Saying good-bye was not a hard thing for me. I thought we could meet again some time soon, and I guess I couldn’t still believe I was leaving the country.
One April morning, my family got in the car as my grandpa drove to the airport. On the car I couldn’t stop questioning about the unknown experiences I was going to have.
“Dad, is the airplane huge? Is airport huge as well? The airplane we are going to ride in won’t crash, right? For how many hours will it take? What time are we going to arrive in America? The house there is huge, right? Will I get sick riding on the airplane? Dad, are we there yet?”
The closer we got to the airport, the larger the airplanes looked. Arriving at the airport, I felt like I was already in different country. I had never left my home country before or even gone to the airport. I was excited to see all people rushing past me with their suitcases rolling on the shiny floor. Stewardesses were all pretty and smiling in front of the counter as they welcomed the passengers.
My relatives, too, arrived at the airport. We sat on the sofas, and chatted about the life I would enjoy in America.
The time passed by quick. My family and I started to walk toward the gate. I looked back to see my grandma and grandpas again. Through the crowd, I found them waving their hands at us from far, far away. I wanted to say something. I felt my words just about to come out. Instead a flood of tears came out.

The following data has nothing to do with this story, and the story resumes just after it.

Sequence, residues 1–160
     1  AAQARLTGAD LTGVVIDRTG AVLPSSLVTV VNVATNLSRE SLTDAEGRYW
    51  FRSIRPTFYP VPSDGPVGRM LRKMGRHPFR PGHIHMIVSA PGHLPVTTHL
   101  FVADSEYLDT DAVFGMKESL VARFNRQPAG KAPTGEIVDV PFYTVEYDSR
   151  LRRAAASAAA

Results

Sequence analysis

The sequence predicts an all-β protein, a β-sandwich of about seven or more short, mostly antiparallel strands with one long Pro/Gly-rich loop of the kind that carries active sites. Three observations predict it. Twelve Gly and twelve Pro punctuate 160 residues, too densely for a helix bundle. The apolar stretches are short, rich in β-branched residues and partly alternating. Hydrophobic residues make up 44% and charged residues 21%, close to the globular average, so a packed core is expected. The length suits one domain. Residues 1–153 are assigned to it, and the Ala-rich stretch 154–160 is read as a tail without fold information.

My mom gently put her hand on my shoulder and passed through the gate. I couldn’t see them anymore.
We got on the airplane. The seats were in the business class, and there was a tremendous amount of space compared to the economy class. Then a pretty, red-haired, American stewardess came by me and asked, “Dear, do you want something to drink?”
I knew what to say, so I answered, “Orange juice, please.”
I was proud of myself for being able to understand what she said, and for knowing what to say.
I looked out the tiny window. All I could see was an endless grayish road that continued to spread beside the airplane, and many orange uniformed people rushing back and forth. I became bored with the nonstop scenes spreading before me, so I moved my eyes inside the plane.
I remembered my friends and my relatives, as well as my beloved hometown. And then I tried to think about things that were waiting for me in America. I couldn’t think of any. I felt salty water coming up and overflowing from my eyes. The airplane, after speeding up, took off from the ground. As Japan was getting smaller like a model, I couldn’t stop my tears. All I wanted at that moment was to go back and say good-bye properly.